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Hampshire Fire and Rescue Service issue garden storage advice after compost causes house fire

Firefighters tackle house fire which started in compost bin...

30 May 2012

At 1210 hours on Saturday 26 05 12, a neighbour alerted Hampshire Fire and Rescue Service to a fire at a private residence in Rother Road in Cove, near Farnborough.

A total of eight fire appliances and supporting vehicles were in attendance. Four fire appliances from Rushmoor Fire Station were initially mobilised to the scene. Also in attendance were one fire appliance from Fleet, the special equipment unit, aerial ladder platform, two fire appliances and command support from Basingstoke, one fire appliance from Yateley, one fire appliance from Hartley Wintney, the multi-role vehicle from Havant and the incident command unit from Service Headquarters in Eastleigh. Volunteers on call with the Red Cross in Hampshire also leapt into action to assist at this incident. Mobilised by Hampshire Fire and Rescue Service, the Fire and Emergency Support Service (FESS) team provide emotional and practical support to the family.

The fire affected three two story terraced private dwellings measuring 30 metres by 12 metres. The fire started at the rear of one of the properties and caused 100% smoke damage and 50% damage by fire to the property, 50% smoke damage and 50% fire damage to the adjoining property and 10% fire damage to the roof of the third property.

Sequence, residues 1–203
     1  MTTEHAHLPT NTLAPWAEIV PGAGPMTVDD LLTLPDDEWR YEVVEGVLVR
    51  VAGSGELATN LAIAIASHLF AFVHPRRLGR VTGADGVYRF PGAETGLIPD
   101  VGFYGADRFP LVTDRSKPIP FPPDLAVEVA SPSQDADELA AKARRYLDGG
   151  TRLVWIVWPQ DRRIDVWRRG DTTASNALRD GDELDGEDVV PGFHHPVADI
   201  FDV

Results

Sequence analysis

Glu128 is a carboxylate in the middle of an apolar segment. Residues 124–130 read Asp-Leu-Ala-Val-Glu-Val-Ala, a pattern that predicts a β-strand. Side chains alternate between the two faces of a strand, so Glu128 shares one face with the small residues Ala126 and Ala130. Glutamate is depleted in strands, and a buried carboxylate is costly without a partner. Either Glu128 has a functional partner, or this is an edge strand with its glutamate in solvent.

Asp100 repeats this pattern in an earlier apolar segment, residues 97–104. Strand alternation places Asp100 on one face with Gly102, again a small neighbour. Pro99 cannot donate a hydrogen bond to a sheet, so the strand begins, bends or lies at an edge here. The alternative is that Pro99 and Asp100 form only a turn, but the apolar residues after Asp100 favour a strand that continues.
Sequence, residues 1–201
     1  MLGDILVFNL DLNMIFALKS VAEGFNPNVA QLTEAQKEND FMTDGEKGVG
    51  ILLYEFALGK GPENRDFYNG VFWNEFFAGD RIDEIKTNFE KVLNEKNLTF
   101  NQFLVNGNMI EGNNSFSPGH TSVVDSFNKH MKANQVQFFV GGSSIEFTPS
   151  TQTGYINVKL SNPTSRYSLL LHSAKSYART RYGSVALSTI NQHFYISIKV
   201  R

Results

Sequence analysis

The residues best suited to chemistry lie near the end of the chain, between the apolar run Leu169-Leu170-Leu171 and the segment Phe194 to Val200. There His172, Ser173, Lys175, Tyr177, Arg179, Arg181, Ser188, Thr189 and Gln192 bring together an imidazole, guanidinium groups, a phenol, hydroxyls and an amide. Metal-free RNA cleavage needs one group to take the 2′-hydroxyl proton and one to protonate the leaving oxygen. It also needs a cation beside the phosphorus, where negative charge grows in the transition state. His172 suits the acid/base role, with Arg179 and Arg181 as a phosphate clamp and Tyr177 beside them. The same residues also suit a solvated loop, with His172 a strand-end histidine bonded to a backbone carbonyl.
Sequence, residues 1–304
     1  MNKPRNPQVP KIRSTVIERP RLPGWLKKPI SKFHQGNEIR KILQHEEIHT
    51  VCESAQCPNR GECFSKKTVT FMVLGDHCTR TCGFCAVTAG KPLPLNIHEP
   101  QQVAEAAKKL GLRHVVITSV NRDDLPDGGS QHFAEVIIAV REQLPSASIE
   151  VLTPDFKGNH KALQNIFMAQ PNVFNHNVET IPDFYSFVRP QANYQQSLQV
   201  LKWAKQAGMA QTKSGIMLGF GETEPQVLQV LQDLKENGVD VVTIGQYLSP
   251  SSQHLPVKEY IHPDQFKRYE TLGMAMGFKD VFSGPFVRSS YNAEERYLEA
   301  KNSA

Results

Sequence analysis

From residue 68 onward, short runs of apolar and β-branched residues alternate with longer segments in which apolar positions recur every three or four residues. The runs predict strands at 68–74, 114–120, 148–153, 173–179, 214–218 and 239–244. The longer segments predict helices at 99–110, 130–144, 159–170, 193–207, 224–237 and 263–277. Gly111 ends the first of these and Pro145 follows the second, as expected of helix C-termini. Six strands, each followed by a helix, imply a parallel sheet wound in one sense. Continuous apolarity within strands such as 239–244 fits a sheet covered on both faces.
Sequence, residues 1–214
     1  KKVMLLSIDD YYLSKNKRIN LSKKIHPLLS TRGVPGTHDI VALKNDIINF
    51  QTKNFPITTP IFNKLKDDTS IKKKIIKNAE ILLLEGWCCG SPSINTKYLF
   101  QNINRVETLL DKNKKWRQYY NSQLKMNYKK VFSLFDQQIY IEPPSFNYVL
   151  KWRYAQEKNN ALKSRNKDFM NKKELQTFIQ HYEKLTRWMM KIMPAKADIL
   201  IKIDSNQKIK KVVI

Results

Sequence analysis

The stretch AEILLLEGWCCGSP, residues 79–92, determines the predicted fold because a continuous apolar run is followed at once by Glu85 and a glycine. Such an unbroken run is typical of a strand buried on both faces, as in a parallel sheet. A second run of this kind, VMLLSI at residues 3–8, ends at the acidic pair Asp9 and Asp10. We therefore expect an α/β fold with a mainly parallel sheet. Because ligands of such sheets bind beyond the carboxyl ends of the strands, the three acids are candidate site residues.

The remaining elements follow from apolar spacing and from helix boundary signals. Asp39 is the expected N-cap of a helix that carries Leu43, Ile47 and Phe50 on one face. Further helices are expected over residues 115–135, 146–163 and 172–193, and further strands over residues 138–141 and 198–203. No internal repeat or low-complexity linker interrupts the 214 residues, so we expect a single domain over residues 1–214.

Group Manager Martin Walters who was officer in charge of the incident said:

“Crews worked extremely hard in hot arduous conditions to tackle the fire from within the confined roof space, whilst the aerial ladder platform was utilised from outside of the building. Due to their actions the fire was contained to the end two properties and within two hours the fire was extinguished by firefighters using 18 breathing apparatus, four jets and three hose reels.”

Crews regularly re-inspected the scene and at 2125 hours used one hose reel to cool down structural areas within the roof spaces.

Station Manager Paul Robson from Rushmoor Fire Station said:

“The grass cuttings contained in the bin had heated up during the recent hot weather conditions to such an extent that it self-combusted and caught alight. To avoid similar incidents of this kind I urge residents to regularly check the storage of grass cuttings, compost or any similar natural materials to ensure that they do not overheat. Storage facilities of this kind should be located away from buildings, fencing and decking areas to reduce the risk of fire spread should a fire occur.”

Firefighters from Rushmoor Fire Station have visited local residents to give fire safety advice and deliver home safety advice leaflets. Nepali leaflets were distributed to Nepalese members of the community.

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